There is little shift in the mode pattern of the SG-DBR when comparing the planes taken before and after exposure. By subtracting the two planes and applying a 3x3 Laplace operator the mode boundaries become evident. A portion of the-transformed plane is shown in Fig. 10. Here, the white area shows the movement of the mode boundaries between pre- and post- irradiation. Comparing the width of the boundary region in Fig. 10 to the size of the operating modes, one can conclude that the mode pattern in the laser has changed by 5-10% due to proton irradiation.
Differences in the LIs in pre- and post- radiation can point to shifts in the mode pattern but has limited information in terms of degradation in lasing threshold and efficiency because of the sensitivity of the curves to the mode positions. Fig. 11 shows LI curves when the Gain section was ramped from 0 – 100 mA, for two laser settings. In the first, the Phase, Front, Back and SOA sections (in shorthand referred to as P/F/B/S) are set to P/F/B/S = 0/0/0/100 mA, while in the second, P/F/B/S = 5/10/20/100 mA. The measured LIs before and after proton exposure are compared in each case. In the first case, the pre-radiation curve shows a very soft turn-on to lasing and there are clear mode hops as gain current is increased. After radiation, lasing threshold is unchanged, but the increase in power is continuous. When P/F/B/S = 5/10/20/100 mA in the second graph, there is a very large increase in lasing threshold after radiation exposure, and there are also marked differences in (non-linear) slope efficiency.
Lasing threshold is obtained from the first set of LIs with P/F/B/S = 0/0/0/100 mA. The lasing threshold was measured to be 50.0 mA both before and after irradiation. Caution must be taken with this value because lasing threshold can change dramatically with only small changes in mode position, as illustrated in the second graph in Fig. 11. Here, the lasing threshold increases by 18% from 67 mA to 79 mA. Taken at face value, this change in threshold would suggest severe displacement damage in the laser. In actual fact, the shift is due to the sensitivity of lasing threshold to the position of the operating modes in the laser. Akin to the other butterfly-packaged lasers, one should not expect to see significant changes in the SG-DBR at these low dose levels. Because there is no dramatic change in the mode map, one can conclude that the SG-DBR suffered little radiation damage.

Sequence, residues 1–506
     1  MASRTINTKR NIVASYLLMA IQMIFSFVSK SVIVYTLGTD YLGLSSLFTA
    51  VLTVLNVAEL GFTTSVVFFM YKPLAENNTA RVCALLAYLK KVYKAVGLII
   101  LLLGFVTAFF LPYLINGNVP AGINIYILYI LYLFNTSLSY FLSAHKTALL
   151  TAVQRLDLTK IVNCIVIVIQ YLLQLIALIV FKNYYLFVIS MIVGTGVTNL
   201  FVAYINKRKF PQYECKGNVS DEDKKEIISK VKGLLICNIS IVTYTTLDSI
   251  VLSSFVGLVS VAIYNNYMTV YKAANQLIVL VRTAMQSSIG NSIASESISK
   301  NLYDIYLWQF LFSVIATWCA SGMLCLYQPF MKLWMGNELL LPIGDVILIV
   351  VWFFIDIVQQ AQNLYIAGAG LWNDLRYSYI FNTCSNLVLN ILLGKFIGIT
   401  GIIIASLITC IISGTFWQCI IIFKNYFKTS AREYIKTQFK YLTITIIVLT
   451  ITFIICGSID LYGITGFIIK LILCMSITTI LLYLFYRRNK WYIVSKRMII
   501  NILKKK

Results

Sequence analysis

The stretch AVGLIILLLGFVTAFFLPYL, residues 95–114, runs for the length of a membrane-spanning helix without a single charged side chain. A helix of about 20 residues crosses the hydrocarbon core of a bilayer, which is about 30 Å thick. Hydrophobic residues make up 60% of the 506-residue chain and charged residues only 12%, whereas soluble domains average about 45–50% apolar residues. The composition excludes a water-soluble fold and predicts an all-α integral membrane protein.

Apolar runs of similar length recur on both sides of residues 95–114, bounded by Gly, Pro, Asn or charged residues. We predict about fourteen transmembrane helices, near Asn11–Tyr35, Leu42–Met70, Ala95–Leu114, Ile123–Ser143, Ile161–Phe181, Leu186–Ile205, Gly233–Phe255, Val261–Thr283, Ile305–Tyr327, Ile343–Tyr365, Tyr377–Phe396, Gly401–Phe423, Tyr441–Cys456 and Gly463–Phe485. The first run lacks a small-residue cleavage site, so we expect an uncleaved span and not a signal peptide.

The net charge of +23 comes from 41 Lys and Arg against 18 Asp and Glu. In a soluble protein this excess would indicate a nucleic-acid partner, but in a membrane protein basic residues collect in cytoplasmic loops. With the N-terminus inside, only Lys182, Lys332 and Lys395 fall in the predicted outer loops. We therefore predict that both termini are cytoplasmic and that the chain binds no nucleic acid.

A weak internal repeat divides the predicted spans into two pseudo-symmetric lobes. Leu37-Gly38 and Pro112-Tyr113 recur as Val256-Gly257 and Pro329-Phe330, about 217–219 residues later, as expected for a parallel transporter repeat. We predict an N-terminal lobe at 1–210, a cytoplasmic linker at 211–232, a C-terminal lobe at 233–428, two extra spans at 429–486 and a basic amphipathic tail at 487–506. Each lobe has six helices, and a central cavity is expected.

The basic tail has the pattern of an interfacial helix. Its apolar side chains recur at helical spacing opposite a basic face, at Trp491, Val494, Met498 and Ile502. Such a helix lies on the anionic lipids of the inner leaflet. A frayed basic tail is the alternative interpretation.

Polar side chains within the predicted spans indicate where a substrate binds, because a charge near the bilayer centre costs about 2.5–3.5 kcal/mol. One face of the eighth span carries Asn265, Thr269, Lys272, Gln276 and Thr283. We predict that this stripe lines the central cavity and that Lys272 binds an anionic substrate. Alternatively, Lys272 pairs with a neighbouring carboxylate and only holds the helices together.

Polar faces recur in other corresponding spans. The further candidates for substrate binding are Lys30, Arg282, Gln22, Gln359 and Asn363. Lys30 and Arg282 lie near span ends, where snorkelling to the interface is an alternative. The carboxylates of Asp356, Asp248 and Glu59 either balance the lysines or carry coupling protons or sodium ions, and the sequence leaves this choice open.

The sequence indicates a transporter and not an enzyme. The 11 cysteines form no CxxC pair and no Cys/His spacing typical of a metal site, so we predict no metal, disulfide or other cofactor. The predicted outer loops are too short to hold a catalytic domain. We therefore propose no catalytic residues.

50 MeV Tests
The set of five lasers that were exposed to high flux 50 MeV protons are still too active for safe handling and are therefore still at PSI. At this time, only in-situ measurements are available on the Avanex DFB and JDSU DBR.
The results from high-energy exposure show a significant degradation in laser performance. Measured LIs are shown in Fig. 12 over the course of exposure, in fluence increments of 3.6 x 1012 cm-2. Fig. 13 summarises the change in lasing threshold with increasing fluence. Lasing threshold increases linearly with fluence, by up to 15 %, and the slope efficiency does degrade, but only a very small amount. The results are consistent with other tests on DFBs in the literature and can be attributed to the reduced carrier lifetime caused by displacement damage.
Wavelength stability also degrades, as seen in Fig. 14. Initially, lasing wavelength is stable to <2 pm. After approximately 1.5 hours (fluence ~5.4 x 1012 cm-2), the wavelength becomes unstable and tends towards longer wavelength. The uncertainty in the wavelength increases from 2 pm to 10 pm. A shift in wavelength in one direction would be consistent with an associated increase in lasing threshold, but the increased noise in wavelength stability cannot be explained by threshold changes. A possible explanation for the increased instability is that the temperature stability in the laser degraded. In the setup, a fan was placed next to the lasers to remove excess heat from the TEC heatsink. After the irradiation session, it was discovered that the fan had failed, but it is not clear at which point it stopped working. A plausible explanation may be that it failed after about 1.5 hours, coinciding with the onset of wavelength instability.